The Mental Illness Stigma

How do mass shootings impact people's attitudes toward the mentally ill?
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How do mass shootings impact people's attitudes toward the mentally ill?
The campus of Umpqua Community College in Roseburg, Oregon. (Photo: Wikimedia Commons)

The campus of Umpqua Community College in Roseburg, Oregon. (Photo: Wikimedia Commons)

Christopher Harper-Mercer, the Umpqua Community College gunman, was, by all accounts, a loner. A recluse.

Of course, this is no surprise. From Adam Lanza to Elliot Rodger, practically every mass shooter over the past several years has been described using a special set of Isolated Gunman Adjectives, all of which revolve around his troubled status as a social outcast. Someone who was unsociable, disturbed.

When news outlets provide this information about mass shooters, does it really help our quest to understand, predict, and ideally prevent these tragedies by identifying risk factors for violence?


Blaming mass violence on mental illness is misleading at best. Mentally ill people are far more likely to be the victims of violence than they are the perpetrators. Only about four percent of violence can be attributed to those suffering from mental illness. Drug and alcohol abuse is a far greater predictor; people who abuse alcohol or drugs but have no other mental illness diagnoses are almost seven times more likely to be violent. Even if we’re only looking at the “awkward recluse” angle, socially isolated children are also significantly less likely than their more social counterparts to engage in delinquent behavior during middle and high school—mostly because many adolescent crimes are egged on by delinquent friends, or committed while under the influence of drugs or alcohol at parties. Loners don’t really have friends. Or go to parties.

Media coverage that mentions “mental illness” can end up reinforcing stigma directed toward the mentally ill, and, in turn, toward those who may be a little socially awkward or reclusive.

At any rate, being socially awkward or reclusive is not actually a risk factor for violence—and neither is mental illness. In fact, sadly, it’s suicide for which mental illness is the strongest risk factor—not homicide. That certainly isn’t the picture we usually get from the news media, which loves to paint a picture of either “mental illness” or the “reclusive outcast” (or a combination of the two) as catch-all bogeymen for mass violence. Unfortunately, those portrayals don’t occur without consequences.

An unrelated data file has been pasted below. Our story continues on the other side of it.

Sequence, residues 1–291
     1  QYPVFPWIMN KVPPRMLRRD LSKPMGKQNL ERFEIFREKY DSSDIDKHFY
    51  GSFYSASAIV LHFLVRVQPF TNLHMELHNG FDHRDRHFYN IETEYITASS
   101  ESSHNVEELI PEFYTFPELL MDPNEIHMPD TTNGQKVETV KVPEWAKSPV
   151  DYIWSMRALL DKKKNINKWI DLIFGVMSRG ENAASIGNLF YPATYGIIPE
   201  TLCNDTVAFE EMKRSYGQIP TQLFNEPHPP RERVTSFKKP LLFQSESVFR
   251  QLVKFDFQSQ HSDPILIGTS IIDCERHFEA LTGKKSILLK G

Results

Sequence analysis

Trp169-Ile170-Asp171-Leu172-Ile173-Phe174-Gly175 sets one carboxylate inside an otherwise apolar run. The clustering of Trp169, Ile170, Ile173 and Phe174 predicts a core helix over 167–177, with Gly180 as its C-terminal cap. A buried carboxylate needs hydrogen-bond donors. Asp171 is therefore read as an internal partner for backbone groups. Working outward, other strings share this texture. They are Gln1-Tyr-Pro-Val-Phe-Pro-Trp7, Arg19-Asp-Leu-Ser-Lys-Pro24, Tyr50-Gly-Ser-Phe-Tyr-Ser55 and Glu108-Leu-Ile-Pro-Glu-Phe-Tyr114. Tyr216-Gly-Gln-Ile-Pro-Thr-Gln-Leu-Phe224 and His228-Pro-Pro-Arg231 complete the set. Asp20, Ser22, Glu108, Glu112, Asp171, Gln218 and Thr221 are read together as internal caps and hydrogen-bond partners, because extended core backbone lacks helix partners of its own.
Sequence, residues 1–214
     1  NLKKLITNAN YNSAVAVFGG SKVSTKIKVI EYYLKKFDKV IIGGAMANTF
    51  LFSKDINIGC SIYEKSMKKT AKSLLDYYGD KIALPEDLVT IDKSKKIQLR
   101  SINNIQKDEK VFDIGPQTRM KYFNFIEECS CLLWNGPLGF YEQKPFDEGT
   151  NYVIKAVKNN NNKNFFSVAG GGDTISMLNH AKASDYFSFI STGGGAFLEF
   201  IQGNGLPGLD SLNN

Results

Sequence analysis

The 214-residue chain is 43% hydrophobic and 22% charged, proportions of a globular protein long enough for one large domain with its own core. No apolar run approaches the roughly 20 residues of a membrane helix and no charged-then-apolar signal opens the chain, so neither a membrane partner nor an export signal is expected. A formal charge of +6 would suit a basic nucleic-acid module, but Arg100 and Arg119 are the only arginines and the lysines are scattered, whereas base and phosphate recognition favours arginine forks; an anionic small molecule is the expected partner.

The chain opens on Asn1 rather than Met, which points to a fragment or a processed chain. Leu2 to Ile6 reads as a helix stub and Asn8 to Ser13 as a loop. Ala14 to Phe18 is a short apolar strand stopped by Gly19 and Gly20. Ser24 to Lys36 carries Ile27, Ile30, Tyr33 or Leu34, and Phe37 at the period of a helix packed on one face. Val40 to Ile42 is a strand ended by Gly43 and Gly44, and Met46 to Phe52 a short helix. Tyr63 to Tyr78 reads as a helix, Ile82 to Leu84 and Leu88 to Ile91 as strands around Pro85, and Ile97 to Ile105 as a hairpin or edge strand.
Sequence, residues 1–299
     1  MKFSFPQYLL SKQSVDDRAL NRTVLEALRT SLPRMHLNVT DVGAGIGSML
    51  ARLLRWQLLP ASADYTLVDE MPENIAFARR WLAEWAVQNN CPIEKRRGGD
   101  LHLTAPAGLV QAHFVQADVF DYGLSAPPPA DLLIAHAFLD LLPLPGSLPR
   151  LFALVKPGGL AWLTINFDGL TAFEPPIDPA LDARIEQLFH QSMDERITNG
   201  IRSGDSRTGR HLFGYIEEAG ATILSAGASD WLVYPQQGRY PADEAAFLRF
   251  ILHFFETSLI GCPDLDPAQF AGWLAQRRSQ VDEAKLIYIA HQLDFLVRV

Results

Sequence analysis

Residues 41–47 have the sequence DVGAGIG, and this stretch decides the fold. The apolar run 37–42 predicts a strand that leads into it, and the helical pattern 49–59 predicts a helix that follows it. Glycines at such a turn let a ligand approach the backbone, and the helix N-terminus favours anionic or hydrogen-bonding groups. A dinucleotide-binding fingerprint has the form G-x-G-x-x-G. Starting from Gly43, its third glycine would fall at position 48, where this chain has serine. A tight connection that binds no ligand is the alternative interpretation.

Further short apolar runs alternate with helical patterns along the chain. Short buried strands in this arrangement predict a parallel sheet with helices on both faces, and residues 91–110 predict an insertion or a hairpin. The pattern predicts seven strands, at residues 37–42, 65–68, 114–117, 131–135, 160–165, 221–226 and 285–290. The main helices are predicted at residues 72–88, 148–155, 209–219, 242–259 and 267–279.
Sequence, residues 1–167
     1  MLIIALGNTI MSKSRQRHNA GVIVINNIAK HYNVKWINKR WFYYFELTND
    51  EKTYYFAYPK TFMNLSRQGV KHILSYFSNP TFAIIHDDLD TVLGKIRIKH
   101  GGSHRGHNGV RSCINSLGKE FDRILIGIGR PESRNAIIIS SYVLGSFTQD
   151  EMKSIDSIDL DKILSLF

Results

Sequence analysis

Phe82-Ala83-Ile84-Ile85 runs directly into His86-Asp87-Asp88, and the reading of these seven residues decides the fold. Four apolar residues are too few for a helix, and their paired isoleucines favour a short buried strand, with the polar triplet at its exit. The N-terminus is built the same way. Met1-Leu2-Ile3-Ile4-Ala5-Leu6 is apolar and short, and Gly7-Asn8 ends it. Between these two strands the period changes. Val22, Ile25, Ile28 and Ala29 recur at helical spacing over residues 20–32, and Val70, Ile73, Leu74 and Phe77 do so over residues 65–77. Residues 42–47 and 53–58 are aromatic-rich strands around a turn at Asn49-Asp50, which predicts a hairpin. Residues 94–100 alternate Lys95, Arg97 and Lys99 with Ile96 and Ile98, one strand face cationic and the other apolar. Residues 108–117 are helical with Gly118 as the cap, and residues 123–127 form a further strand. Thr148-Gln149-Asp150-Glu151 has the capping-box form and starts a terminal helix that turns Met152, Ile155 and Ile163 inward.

When the media mentions certain groups (or types) of people in the context of trying to find a logical source to blame for mass violence, it has serious consequences for the general public’s perceptions of those groups. Media coverage of Islam after 9/11 dramatically shifted public opinion toward seeing Muslims as “violent,” and the ongoing disproportionate focus on crimes committed by African Americans results in people thinking (even subconsciously) that they're more “dangerous” than whites. News coverage doesn’t even need to outright link an identity with violence to create negative associations. A 2013 study conducted by Emma McGinty, Daniel Webster, and Colleen Barry found simply mentioning “mental illness” in a newspaper article about a mass shooting immediately made readers significantly more likely to say they would refuse to work closely with or live next door to someone mentally ill, and also made them more likely to say they see all mentally ill people as “dangerous.” This negative generalization occurs even though, of course, "mental illness" is an incredibly broad umbrella, covering everything from anxiety and depression to schizophrenia and bipolar disorder to autism and ADHD—all drastically different diagnoses with different prevalence rates and different symptoms.